Oh, Behave! Experiences at NABT 2014

Written by: Emily Weigel

Primary Source: Choice Words with Choosy_Female

Oh Behave by rumper1(Austin Powers Movie, Photo from Deviant Art)

I just got back from presenting at the National Association of Biology Teacher’s annual meeting in Cleveland, Ohio. Despite the mountains of snow, I had a really fun time and met plenty of outstanding teachers in biology and biology education. I was lucky enough to be able to go this year through an invitation from the BEACON/NESCent organizers of the Evolution Symposium. They gave me the task (*gulp*) to conduct a teacher workshop on a recent lesson I and my collaborators published:

Weigel, E. G., DeNieu, M., & Gall, A.J. (2014). Oh, Behave! Behavior as an interaction between genes and the environment. The American Biology Teacher.76(7): 460-465.

This lesson is designed to show the genes and the environment interact to form behaviors, and because the behaviors can change over time, they are subject to evolution. Students first read a review paper on how genes and behavior interact, then model relationships for examples given in the paper. Students are then presented with a novel example from primary literature on imprinting in stickleback. Students are then expected to make predictions and model the relationship between environment, genes, and evolution in forming this behavior.

Click here for the workshop slides from the 2014 NABT Meeting highlighting this lesson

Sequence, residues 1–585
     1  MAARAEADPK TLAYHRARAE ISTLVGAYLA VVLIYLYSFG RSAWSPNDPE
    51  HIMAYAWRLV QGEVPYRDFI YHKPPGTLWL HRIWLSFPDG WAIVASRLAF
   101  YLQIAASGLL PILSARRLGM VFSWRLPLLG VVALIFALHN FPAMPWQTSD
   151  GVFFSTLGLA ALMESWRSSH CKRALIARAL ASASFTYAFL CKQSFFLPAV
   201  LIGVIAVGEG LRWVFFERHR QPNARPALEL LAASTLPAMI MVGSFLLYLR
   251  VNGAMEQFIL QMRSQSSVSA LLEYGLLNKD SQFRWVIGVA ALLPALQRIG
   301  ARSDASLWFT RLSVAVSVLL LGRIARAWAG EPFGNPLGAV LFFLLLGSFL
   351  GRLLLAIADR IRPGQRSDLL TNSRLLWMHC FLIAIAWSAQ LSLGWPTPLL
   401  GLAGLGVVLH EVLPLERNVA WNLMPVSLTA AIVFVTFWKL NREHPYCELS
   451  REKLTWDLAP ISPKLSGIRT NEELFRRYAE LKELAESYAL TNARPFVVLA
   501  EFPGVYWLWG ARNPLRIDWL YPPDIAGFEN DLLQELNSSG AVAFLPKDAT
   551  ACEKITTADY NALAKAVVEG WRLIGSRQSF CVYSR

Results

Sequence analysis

Those wishing to do the lesson can also email me for the papers, or contact me or the authors directly. They love for their work to be used in education!

You can also expand the lesson through HHMI’s resources on sticklebacks (videos, lesson plans, virtual labs): http://www.hhmi.org/biointeractive/browse?kw=stickleback

For those wanting to use Data Nuggets (real research data) on sticklebacks, please check out my labmate Alycia Lackey’s two lesson plans here on mate choice and male competition: http://datanuggets.org/2014/06/which-guy-should-she-choose/ http://datanuggets.org/2014/06/fish-fights/ These have teacher guides, rubrics, and student worksheets scalable to your students’ needs and abilities.

Yay for teaching bio, and all the teachers that push their students to master it!

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Emily Weigel
Emily Weigel (@Choosy_Female) is Ph.D. candidate in the Department of Zoology and in the Ecology, Evolutionary Biology, and Behavior Program at Michigan State University. Originally from Atlanta, Georgia, she earned her Bachelor’s degree in Biology with a focus on interdisciplinary research from the Georgia Institute of Technology. At MSU, Weigel conducts research in the lab of Dr. Jenny Boughman and is affiliated with the BEACON Center for the Study of Evolution in Action. Her dissertation research focuses on how female choice and investment interact with male mating strategies. Additionally, Weigel’s education research asks how and why a background in genetics affects student performance in evolutionary biology. When not researching, Weigel enjoys playing soccer, surfing Netflix, and promoting STEM in the community.
Emily Weigel

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